# Units and Significance of Synchronizing Power Coefficient

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## Units of Synchronizing Power Coefficient (𝑷𝐬𝐲𝐧)

Generally, the synchronizing power coefficient is expressed in Watts per electrical radian, i.e.,

$$\mathrm{𝑃_{syn} =\frac{𝑉 𝐸_{𝑓}}{𝑋_{𝑠}}cos\:𝛿 \:\:Watts/electrical\:radian …(1)}$$

$$\mathrm{∵ \:𝜋\:radians = 180\:degrees}$$

$$\mathrm{\Rightarrow\:1\:radian =\frac{180}{𝜋}\:degrees}$$

$$\mathrm{∵ \:𝑃_{syn}=\frac{𝑑𝑃}{𝑑𝛿}\:\:Watts/ \left(\frac{180}{𝜋}\:degrees \right)}$$

$$\mathrm{\Rightarrow\:𝑃_{syn}=\left( \frac{𝑑𝑃}{𝑑𝛿}\right)\left(\frac{𝜋}{180}\right)\:\:Watt/electrical\:degree …(2)}$$

If p is the total number of pole pairs in the machine, then

$$\mathrm{𝜃_{electrical} = 𝑝 \cdot 𝜃_{mechanical}}$$

Therefore, the synchronizing power coefficient per mechanical radian is given by,

$$\mathrm{𝑃_{syn} = 𝑝 \cdot\left( \frac{𝑑𝑃}{𝑑𝛿}\right)\:\:Watts/mech. radian …(3)}$$

And, the synchronizing power coefficient per mechanical degree is given by,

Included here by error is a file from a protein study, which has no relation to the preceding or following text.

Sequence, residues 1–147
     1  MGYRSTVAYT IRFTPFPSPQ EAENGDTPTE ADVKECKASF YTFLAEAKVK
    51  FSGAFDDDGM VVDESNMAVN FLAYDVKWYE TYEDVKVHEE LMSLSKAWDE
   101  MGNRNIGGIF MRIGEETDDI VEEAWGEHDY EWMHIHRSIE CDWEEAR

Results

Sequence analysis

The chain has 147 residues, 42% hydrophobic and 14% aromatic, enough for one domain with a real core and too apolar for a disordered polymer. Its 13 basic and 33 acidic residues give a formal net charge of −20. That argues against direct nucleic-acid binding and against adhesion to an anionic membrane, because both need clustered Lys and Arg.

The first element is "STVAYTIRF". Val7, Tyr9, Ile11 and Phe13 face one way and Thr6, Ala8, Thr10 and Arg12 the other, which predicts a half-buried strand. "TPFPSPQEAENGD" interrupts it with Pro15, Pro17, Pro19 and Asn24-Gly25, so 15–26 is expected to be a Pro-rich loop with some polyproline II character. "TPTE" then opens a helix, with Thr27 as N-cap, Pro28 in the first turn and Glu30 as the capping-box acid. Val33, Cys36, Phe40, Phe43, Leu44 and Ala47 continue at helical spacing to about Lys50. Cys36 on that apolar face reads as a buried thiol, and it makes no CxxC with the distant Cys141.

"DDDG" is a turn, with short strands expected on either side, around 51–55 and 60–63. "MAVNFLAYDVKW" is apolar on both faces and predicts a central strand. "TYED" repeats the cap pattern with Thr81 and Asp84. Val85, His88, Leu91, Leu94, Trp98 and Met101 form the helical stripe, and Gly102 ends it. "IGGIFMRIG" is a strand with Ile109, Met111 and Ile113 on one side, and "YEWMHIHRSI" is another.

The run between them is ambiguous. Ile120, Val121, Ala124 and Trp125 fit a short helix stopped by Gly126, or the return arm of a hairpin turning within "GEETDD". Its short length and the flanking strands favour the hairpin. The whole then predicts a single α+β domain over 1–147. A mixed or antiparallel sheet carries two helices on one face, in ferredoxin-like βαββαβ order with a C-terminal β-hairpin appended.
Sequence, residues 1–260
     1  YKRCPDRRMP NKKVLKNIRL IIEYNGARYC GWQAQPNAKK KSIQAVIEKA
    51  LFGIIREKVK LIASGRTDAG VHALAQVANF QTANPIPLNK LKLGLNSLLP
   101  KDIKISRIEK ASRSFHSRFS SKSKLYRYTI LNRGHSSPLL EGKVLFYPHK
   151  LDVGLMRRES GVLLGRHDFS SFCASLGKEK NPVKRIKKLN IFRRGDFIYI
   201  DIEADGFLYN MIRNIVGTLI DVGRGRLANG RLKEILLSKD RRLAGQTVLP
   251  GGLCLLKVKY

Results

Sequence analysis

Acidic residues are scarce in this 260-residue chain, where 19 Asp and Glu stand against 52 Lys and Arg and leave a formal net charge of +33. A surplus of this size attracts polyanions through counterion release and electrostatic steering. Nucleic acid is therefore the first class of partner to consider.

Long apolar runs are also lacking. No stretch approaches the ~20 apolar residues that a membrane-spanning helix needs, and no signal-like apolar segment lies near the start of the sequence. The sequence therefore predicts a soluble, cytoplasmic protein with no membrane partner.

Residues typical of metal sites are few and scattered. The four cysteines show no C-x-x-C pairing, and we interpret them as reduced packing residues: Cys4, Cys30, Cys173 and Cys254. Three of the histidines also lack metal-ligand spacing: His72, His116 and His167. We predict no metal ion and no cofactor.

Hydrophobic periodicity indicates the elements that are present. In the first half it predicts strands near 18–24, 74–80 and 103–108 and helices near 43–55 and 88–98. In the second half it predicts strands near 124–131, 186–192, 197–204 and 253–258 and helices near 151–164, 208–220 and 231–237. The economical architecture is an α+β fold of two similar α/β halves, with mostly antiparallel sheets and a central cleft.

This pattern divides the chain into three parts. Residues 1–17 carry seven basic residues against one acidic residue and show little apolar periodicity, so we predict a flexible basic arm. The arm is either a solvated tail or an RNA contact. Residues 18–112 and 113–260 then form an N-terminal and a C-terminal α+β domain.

$$\mathrm{𝑃_{syn} =\left( \frac{𝑑𝑃}{𝑑𝛿}\right)\left(\frac{𝑝\:𝜋}{180}\right)\:Watts/mech.degree …(4)}$$

## Significance of Synchronizing Power Coefficient

The synchronizing power coefficient ($𝑃_{syn}$) is the measure of the stiffness of the electromagnetic coupling between the stator and the rotor. A large value of the synchronizing coefficient ($𝑃_{syn}$) shows that the electromagnetic coupling is rigid. The synchronising power coefficient is given by,

$$\mathrm{𝑃_{syn} =\frac{3\:𝑉\:𝐸_{𝑓}}{𝑋_{𝑠}}cos\:𝛿 … (5)}$$

Equation (5) indicates that $𝑃_{syn}$ is inversely proportional to the synchronous reactance of the machine. The synchronous machines with large air gaps have relatively small reactances. Thus, the coupling in a synchronous machine with large air gap is more rigid than a machine with smaller air gap.

Also, the $𝑃_{syn}$ is directly proportional to $𝐸_{𝑓}$, hence, an over-excited synchronous machine is more stiff than an under-excited synchronous machine.

From Eqn. (5), it can also be seen that the restoring action is maximum when the load angle $\delta$ = 0°,, i.e., at no-load while the restoring action is zero when the load angle $\delta$ = ±90°. At these values of load angle ($\delta$), the machine would be at the steady state limit of stability and in the condition of unstable equilibrium. Thus, it is impossible to run a synchronous machine at the steady-state limit of stability because its ability to resist small changes is zero.